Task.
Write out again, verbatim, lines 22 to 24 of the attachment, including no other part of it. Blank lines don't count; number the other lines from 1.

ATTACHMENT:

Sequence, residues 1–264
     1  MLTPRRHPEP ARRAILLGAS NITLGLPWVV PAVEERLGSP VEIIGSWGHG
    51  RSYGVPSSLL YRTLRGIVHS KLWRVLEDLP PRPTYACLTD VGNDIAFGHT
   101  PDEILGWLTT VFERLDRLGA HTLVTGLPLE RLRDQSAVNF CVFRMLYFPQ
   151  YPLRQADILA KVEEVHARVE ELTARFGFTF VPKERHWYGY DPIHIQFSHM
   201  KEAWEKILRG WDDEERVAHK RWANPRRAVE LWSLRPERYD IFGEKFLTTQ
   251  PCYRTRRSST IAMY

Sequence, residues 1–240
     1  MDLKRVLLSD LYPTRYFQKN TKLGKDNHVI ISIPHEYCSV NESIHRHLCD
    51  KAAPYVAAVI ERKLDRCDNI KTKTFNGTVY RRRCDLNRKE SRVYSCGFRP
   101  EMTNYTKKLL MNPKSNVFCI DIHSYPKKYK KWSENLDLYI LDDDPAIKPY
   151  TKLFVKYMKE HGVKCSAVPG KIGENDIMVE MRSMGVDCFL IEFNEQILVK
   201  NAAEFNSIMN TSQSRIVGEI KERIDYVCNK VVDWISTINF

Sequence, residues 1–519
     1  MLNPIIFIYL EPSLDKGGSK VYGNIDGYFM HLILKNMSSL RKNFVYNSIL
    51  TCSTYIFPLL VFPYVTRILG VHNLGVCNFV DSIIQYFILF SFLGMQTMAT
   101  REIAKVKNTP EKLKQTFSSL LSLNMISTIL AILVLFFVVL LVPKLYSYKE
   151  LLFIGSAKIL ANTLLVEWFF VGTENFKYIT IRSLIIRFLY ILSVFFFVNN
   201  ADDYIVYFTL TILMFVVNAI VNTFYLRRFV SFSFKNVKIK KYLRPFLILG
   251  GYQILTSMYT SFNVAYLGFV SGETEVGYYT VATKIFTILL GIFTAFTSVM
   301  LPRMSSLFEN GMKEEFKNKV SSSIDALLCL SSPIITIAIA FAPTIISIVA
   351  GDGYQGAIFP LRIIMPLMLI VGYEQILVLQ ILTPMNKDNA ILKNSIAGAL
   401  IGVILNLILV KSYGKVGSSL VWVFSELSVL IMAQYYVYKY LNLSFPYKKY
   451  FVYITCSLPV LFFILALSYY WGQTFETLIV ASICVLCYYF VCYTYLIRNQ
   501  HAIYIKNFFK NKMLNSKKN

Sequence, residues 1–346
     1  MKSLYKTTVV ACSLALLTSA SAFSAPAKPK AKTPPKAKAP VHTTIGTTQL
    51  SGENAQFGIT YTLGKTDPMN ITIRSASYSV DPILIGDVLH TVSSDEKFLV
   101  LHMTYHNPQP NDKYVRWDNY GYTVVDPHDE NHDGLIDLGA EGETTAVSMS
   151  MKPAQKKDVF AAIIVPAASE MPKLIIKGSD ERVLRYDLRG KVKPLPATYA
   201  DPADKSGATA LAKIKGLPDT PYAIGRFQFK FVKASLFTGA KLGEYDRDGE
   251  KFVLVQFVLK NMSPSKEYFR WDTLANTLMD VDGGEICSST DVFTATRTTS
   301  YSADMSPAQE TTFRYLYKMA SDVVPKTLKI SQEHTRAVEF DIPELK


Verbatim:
   351  GDGYQGAIFP LRIIMPLMLI VGYEQILVLQ ILTPMNKDNA ILKNSIAGAL
   401  IGVILNLILV KSYGKVGSSL VWVFSELSVL IMAQYYVYKY LNLSFPYKKY
   451  FVYITCSLPV LFFILALSYY WGQTFETLIV ASICVLCYYF VCYTYLIRNQ